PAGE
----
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HMRC inundated with working from home tax relief claims – So how do you claim?

HMRC has seen a rise in working from home tax relief claims due to COVID-19. Are you eligible to claim and how do you do it?

With Coronavirus forcing more people to work from home across the country than ever before, the HMRC has seen a huge surge in the number of people seeking tax relief. 

The UK workforce has had to adapt to lockdown regulations, with workplaces closing temporarily. Those who can have had to absorb the financial responsibility of working from home, meaning everything from needing to set up a home office to seeing electricity bills increase. 

Through HMRC, employees can seek working from home tax relief to help cover some of the additional costs that the change brings. Filling in a ‘P87’ form enables you to claim back some of the cash spent in order to allow you to fulfil certain duties. 

As a result of so many people starting to work from home in March, HMRC has reportedly been inundated with applications as workers look for ways to mitigate the costs slightly. Although the amount you can claim back in tax is fairly low, it can help if you’ve had to pay out in order to do your job at home.

Woman working from home with multiple computer screens

What can you claim for?

When claiming for working from tax relief, you are able to include the costs associated with items that are “wholly, exclusively and necessary” to do your job successfully from home. This can include your desk, office chair, stationery, printer ink and paper. 

You’re not able to claim for increased electricity usage or other costs that are associated with your household, as these are not exclusive requirements to being able to do your job. 

How much can I claim?

There are two ways that you can claim for working from home expenses. 

The first is to ask your employer for an allowance that can be paid directly to you tax-free. This amounts to £6 per week at a basic level, with more being possible but requiring special arrangements. While this would be a good route to follow in normal circumstances, do to COVID-19, many companies are struggling so are unlikely to be able to accommodate the extra expense. 

Your second option is to make a working from home tax relief claim through the HMRC. This means you can ask for extra costs that are necessary to allow you to work from home - such as buying furniture for your home office - to be deducted from your taxable income. For those on a 20% tax rate, a standard claim (the £6 a week allowance) is equivalent to £1.20 a week in tax relief (around £62 per year), while those on the higher 40% rate of tax can claim for £2.40 a week (around £124 a year).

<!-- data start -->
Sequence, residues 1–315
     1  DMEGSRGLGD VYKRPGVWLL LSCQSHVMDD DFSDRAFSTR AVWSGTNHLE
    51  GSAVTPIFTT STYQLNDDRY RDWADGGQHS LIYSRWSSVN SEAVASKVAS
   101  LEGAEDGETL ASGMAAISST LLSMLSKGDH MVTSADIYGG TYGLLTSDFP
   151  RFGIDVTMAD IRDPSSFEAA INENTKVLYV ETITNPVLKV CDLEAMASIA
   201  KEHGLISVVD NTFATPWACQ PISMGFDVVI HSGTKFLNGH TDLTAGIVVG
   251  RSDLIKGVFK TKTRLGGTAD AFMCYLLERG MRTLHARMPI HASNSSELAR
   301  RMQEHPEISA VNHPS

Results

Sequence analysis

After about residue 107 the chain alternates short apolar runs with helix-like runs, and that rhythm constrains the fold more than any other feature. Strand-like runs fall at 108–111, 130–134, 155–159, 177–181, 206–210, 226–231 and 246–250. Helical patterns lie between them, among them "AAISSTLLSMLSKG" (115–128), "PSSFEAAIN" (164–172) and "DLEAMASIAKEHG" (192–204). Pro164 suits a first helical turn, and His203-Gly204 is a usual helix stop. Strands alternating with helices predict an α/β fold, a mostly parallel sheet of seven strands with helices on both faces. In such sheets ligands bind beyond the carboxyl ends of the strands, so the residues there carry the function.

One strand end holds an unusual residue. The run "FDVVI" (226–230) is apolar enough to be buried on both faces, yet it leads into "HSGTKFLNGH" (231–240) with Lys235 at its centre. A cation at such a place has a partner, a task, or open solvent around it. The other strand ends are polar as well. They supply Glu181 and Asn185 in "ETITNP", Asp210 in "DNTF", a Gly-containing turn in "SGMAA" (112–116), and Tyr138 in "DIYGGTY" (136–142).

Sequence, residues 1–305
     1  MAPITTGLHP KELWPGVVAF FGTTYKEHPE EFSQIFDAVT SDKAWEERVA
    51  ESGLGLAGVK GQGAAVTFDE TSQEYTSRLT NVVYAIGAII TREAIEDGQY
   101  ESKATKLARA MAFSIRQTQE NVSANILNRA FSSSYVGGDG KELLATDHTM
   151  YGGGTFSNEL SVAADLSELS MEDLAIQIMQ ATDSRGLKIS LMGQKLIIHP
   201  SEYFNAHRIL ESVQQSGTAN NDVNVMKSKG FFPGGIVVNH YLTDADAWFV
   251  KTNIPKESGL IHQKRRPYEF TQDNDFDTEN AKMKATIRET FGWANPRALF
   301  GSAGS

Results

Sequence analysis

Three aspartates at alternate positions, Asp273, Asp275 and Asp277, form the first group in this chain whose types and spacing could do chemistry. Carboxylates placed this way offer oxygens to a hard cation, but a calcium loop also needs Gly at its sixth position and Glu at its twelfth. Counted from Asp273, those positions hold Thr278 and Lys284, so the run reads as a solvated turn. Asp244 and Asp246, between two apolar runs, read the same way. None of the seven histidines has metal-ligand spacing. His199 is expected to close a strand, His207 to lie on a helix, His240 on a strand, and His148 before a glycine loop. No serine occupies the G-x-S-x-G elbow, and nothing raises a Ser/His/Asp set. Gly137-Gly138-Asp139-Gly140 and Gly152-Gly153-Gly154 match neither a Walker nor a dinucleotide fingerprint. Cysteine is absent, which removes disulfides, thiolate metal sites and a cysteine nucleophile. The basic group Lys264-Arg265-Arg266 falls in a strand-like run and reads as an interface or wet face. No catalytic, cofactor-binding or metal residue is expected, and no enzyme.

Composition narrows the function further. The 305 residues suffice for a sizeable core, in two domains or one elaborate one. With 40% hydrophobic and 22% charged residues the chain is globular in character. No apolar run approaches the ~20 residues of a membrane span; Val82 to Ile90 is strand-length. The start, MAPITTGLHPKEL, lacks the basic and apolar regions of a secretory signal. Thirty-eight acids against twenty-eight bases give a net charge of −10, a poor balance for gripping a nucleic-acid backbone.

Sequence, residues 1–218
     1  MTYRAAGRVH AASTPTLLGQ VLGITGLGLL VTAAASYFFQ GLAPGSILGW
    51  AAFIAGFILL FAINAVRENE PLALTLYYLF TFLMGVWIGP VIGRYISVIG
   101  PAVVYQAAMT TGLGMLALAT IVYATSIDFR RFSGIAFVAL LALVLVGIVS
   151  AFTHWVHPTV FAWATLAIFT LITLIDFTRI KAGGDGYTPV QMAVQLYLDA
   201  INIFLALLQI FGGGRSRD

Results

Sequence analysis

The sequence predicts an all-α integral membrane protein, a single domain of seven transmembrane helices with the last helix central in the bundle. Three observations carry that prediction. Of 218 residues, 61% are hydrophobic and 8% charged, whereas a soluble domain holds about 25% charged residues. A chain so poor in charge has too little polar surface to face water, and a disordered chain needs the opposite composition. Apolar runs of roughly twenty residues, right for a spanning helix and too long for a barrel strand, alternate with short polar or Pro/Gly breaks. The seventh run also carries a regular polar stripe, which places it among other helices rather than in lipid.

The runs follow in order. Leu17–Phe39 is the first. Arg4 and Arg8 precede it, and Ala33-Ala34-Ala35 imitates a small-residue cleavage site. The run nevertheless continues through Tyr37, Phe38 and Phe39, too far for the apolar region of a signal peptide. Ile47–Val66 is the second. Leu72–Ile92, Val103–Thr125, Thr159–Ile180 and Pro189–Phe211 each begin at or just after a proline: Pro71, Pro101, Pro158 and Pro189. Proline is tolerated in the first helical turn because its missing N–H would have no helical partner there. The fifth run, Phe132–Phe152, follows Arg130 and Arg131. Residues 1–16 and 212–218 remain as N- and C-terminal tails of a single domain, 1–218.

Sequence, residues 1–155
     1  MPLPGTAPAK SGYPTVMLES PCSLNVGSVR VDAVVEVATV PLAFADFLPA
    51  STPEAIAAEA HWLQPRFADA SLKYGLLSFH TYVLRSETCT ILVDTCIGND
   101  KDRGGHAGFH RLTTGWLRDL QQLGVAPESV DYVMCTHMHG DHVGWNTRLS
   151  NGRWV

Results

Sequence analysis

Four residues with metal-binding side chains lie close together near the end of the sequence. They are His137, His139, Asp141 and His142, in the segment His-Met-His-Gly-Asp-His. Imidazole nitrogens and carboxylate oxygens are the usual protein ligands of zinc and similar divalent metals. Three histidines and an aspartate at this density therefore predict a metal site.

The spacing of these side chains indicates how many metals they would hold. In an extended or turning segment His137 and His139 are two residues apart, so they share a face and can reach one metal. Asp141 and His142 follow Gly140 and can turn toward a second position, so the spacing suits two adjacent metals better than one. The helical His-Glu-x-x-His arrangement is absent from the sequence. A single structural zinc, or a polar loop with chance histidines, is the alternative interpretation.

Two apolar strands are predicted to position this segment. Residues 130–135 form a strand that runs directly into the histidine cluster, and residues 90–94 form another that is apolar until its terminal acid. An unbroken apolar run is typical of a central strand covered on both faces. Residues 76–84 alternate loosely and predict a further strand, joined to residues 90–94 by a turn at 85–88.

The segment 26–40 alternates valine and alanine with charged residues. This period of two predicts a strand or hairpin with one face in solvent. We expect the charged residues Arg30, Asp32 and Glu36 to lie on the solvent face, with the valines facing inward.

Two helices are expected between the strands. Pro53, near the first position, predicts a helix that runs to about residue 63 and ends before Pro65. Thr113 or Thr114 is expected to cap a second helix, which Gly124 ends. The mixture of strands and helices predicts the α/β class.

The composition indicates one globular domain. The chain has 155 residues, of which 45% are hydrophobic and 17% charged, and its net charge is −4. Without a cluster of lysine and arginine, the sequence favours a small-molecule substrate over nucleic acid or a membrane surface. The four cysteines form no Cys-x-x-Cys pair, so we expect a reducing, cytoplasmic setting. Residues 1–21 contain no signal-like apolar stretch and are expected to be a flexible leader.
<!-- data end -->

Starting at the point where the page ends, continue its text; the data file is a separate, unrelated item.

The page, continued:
If you think that your costs have been higher than £6 a week, you are able to claim for more. However, this is a longer process and will be required to provide evidence for the higher cost. 

HMRC P87 Form - Working from home tax relief

How do you claim for working from home tax relief?

Those who usually fill in a self-assessment form will be required to claim for this tax relief on there. Anyone else can fill in a P87 form, which can be submitted online or by post. If you are completing the form online, you will be required to access or set up a Government Gateway account.

The P87 form will ask for your job title, as well as your company’s name and PAYE reference, which will be on your payslip or P60. If you’re filling in the postal form, you’ll also need to provide your national insurance number. 

The section of the form you’ll need to fill in is the ‘using your home as an office’ section. If you aren’t eligible for tax relief from other work expenses, such as uniform, simply leave these sections blank.

You’ll need to fill in two boxes on the online form:

  • Amount paid by you: If you have incurred increased costs as a result of working from home, simply put the total amount that is equivalent to £6 per week for the period that you have been working from home. According to HMRC, you will not be required to show receipts for this amount. 
  • Amount paid by your employer: If you are not receiving any tax-free payments from your employer to cover working from home expenses, simply put £0. 

Those claiming via the postal form will need to add the expenses they have accrued while working from home to the ‘Other expenses’ section on the form. 

It’s important to note that you can only claim retrospectively for expenses. This means that you are best waiting until you return to the office to claim for your additional working from home costs to ensure you are applying for tax relief for the full period. 

It is unlikely that you’ll get a tax refund for this period, instead, your tax code will probably be adjusted so you pay less tax across the rest of the financial year. 

Ordinarily, you would hear back about your claim within a couple of weeks, but due to the increase in claims, it is likely that it will take HMRC a bit longer to process your tax adjustment. 

Should I claim working from home tax relief?

If you have accrued extra costs, you have every right to claim for working from home tax relief in this way. In the instance that your costs are higher than £6 a week, you should also weigh up whether the extra steps are worth increasing your claim. 

While it may only grant you a small amount of tax relief, if you are able to fill in the form easily and quickly, it could well be worth it.

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